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Medical Science Monitor Basic Research


Medical management of a pregnancy woman with moderate renal insufficiency and superimposed preclampsia

Grażyna Orłowska-Kowalik, Teresa Małecka-Massalska, Andrzej Książek

Am J Case Rep 2009; 10:93-98

ID: 869687

Available online:

Published: 2009-06-10

Background: Renal insufficiency in pregnancy intensifies various risk factors for both the mother and child. Risk factors for the child include the risk of premature birth, low birth weight, retarded fetal development, mental retardation and polyhydramnios. The most pronounce risk factors for the mother is a progression of renal insufficiency into chronic renal failure, requiring renal replacement therapy. Complication associated with gestation in women with coexistent renal insufficiency may lead to the development and or aggravation of hypertension, albuminuria, HELLP syndrome, pre-eclampsia or eclampsia.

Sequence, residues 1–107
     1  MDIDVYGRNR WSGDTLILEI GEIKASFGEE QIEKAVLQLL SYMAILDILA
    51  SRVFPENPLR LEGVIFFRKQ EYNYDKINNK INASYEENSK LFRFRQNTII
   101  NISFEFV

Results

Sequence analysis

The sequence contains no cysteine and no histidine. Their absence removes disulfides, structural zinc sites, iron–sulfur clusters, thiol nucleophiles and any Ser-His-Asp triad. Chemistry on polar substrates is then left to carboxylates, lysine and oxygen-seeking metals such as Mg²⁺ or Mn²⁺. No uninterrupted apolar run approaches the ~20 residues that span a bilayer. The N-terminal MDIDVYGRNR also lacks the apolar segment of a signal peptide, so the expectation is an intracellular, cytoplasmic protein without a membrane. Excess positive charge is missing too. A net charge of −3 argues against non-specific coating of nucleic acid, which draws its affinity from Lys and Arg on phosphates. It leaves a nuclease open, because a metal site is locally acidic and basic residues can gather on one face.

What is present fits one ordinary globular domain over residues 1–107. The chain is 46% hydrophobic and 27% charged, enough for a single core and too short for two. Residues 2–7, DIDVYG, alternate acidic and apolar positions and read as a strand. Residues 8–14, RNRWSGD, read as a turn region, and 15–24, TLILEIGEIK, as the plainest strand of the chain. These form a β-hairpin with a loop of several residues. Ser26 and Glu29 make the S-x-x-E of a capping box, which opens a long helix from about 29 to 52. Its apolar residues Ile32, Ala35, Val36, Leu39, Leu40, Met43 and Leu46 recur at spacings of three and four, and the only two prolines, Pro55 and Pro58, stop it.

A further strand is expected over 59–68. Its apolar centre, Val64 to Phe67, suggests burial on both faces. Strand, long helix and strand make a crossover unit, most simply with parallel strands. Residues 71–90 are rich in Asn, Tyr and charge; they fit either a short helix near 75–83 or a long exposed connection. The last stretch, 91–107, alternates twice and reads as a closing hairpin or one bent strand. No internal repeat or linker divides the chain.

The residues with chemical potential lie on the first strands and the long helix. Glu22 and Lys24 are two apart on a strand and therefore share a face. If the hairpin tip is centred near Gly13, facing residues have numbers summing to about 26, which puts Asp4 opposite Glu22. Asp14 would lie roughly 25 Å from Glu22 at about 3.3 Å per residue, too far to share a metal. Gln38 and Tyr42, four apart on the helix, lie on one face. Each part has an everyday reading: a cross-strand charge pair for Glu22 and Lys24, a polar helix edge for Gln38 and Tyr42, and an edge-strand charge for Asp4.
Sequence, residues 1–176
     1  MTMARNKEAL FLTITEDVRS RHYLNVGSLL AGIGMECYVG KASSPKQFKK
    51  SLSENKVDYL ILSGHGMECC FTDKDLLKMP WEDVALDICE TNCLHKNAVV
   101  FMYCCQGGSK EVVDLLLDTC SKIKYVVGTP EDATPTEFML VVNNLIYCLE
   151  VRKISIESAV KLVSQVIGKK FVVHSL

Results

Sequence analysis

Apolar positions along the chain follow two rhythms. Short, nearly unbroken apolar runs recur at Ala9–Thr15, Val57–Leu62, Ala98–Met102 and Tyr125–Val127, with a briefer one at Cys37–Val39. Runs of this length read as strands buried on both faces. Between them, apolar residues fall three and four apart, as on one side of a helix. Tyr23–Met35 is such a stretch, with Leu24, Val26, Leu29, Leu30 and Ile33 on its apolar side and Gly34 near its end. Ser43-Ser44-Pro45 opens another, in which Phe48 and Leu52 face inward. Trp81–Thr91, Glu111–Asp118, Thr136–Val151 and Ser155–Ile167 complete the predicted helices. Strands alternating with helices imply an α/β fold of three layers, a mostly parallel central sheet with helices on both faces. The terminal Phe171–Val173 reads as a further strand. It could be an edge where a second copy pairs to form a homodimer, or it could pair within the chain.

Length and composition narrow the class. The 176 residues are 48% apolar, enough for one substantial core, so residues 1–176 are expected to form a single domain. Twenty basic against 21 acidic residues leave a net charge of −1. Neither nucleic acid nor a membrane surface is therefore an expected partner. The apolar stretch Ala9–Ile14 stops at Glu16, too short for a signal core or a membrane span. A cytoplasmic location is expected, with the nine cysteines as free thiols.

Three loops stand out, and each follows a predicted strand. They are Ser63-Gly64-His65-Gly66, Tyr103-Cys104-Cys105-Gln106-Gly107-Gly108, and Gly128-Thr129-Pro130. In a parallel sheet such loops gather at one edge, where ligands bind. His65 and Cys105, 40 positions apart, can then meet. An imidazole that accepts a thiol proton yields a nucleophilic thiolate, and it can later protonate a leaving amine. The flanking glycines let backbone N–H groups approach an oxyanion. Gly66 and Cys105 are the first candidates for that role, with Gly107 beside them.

Case Report: We present the case of a 34-year-old woman, with hypertension and a twelve year history of moderate renal insufficiency diagnosed as glomerulonephritis, who became pregnant. Progressive renal insufficiency was noted during each trimester of the pregnancy, with decreases in GFR, RBC, albumin, plasma protein, hemoglobin (Hb)/hematocrit (Hct), as well as increased plasma urea, serum creatinine (urea and creatinine are GFR markers) and proteinuria.
Conclusions: Careful and continual medical care is essential for pregnant women who present with renal insufficiency, to ensure fewer complication and survival of both mother and child. Management and correction of any renal parameter, when possible, should immediately be instituted. Fetal development should be continually monitored by ultrasonography. The best approach to management of care for pregnant women with renal insufficiency and pre-imposed pre-clampsia can be accomplished with a multidisciplinary team of specialist, which includes nephrologists, obstetricians, nutritionist and pediatricians.

Keywords: pre-clampsia, Glomerulonephritis, renal insufficiency, chronic renal failure, Pregnancy